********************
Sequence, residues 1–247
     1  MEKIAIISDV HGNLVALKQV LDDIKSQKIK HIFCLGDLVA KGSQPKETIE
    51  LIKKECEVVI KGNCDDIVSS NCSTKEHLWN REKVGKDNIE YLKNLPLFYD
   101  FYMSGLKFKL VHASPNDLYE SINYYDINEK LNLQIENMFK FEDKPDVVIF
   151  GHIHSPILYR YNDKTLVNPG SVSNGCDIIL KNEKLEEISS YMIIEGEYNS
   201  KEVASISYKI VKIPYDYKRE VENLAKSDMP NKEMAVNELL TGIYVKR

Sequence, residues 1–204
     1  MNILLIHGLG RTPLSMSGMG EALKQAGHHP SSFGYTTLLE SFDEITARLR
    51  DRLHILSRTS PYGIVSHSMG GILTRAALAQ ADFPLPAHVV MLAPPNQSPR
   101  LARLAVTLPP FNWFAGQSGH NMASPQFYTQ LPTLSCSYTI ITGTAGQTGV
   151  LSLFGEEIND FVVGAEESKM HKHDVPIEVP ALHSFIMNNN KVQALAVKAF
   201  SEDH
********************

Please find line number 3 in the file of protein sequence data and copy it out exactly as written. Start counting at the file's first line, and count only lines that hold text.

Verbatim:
    51  LIKKECEVVI KGNCDDIVSS NCSTKEHLWN REKVGKDNIE YLKNLPLFYD